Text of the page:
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Conroy Era Starts With Promise of Change in Culture



A new Calgary Flames era has begun. Craig Conroy’s promotion to general manager is exactly what the franchise needs after being mired in old-school thinking and darkness for far too long.

Brad Treliving was a great guy who did a lot of good things for the team during his nearly decade-long tenure, but the tremendous weight of managing in a Canadian market, combined with the ups and downs of decision-making over the years does some damage. The spark isn’t nearly as easy to keep ignited.

Especially when you add the drama of top players choosing to leave for other opportunities, and others threatening to do the same after struggling to breathe in the smothering and negative environment created by since-fired head coach Darryl Sutter.

But Conroy is the Eternal Flame. His energy can be fuel for the franchise, from the front office, to the locker-room, and into the prospect pool.

“I have a passion for this team, I have a passion for this city,” Conroy said amid a long list of targeted thanks for the owners, the alumni group, the staffers behind the scenes, advisers, and, of course, his wife and three daughters who have been raised in Calgary as their dad chased a GM dream he thought would never come with the Flames.

“I’m going to do everything in my power to bring a Stanley Cup here.”

It’s that elusive silver trophy that inspired his NHL management path after retiring from his playing days a dozen years ago without a chance to raise it above his head.

It was former Calgary Flames president and CEO Ken King who helped Conroy to the road.

With the gift of gab, Conroy considered offers to join the media ranks as an analyst. He would have been great at it, but media members can’t win the Stanley Cup.

He had a chance to coach at Clarkson University, his alma mater. King reminded him he can’t win a Cup there, either.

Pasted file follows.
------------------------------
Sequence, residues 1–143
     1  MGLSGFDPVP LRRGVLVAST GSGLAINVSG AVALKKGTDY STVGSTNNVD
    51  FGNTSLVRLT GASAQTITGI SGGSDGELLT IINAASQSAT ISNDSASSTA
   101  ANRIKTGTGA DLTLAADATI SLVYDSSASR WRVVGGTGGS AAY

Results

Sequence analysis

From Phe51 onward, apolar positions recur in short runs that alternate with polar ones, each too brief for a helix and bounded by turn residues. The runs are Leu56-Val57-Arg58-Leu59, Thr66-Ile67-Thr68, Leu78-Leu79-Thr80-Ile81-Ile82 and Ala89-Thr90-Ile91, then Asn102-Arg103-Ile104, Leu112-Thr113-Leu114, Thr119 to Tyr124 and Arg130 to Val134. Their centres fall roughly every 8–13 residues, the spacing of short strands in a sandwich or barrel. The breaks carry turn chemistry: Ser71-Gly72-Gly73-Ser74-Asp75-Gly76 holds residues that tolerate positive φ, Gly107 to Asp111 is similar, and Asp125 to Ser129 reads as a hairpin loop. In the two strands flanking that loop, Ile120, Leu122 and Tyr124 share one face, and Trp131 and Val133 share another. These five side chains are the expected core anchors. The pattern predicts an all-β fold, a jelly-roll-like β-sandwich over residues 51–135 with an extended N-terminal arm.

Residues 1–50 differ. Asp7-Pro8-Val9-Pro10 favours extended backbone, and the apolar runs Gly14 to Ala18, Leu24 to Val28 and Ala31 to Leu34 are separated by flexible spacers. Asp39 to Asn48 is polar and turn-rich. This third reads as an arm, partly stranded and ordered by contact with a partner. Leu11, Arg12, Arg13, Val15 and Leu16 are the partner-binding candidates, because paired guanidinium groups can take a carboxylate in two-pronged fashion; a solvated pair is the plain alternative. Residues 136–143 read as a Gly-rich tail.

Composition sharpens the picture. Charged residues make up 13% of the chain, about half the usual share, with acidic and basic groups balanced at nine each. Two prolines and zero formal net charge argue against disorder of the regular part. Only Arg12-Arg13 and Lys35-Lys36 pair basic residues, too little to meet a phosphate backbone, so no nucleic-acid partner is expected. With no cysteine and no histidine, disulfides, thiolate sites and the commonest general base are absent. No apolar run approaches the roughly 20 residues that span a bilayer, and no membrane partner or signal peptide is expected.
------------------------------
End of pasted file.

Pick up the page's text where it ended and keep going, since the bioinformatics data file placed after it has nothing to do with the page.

King offered an opportunity to explore the inner workings of an NHL franchise, learning about the business side of thing, managing, coaching, development for the future, and Conroy absorbed all of it. He started as what sounded like a title from sitcom The Office — special assistant to the acting general manager, Jay Feaster — but worked his way through the ranks, touching every aspect of hockey operations along the way.

Calgary Sports and Entertainment Corporation’s CEO John Bean and president of hockey ops Don Maloney did their due diligence — and then some — with a starting list of 30-plus candidates for the job, but landed on Conroy because of his relationships inside and outside the organization, and all the obvious qualities of character. But also because of his vision.

That vision includes a new way to look at the opening day roster. Conroy promises to reserve spots for young players to take, rather than fill it with veterans.

That probably officially spells the end of UFAs Milan Lucic and Trevor Lewis’s time in Calgary. Same goes for Nick Ritchie, who replaced his brother Brett on the Flames roster in a deadline day deal with the Arizona Coyotes.

Meanwhile, Jakob Pelletier, Matt Coronato, and others should have more of an opportunity to show what they can do with like-minded players in training camp.

“I think we’re going to change the core a little bit and add youth to the lineup,” said Conroy. “You need young players on the team; you need that excitement they bring, day in and day out. You have to give them a chance. It might not be seamless, but we need to move forward. And we have a salary cap, and young players definitely help with that.”

Conroy can help out in other ways, too. His first official news conference was full of positivity, and that was noticed across the league.

“I want to make it a place people want to play,” said Conroy. “I want them to come to be part of doing something special here. I talk to agents, and we’re on a lot of players’ no-trade lists. I want to make it where we’re not on the no-trade lists, and that’s by bringing a culture of winning and fun. That starts this year, moving forward.”

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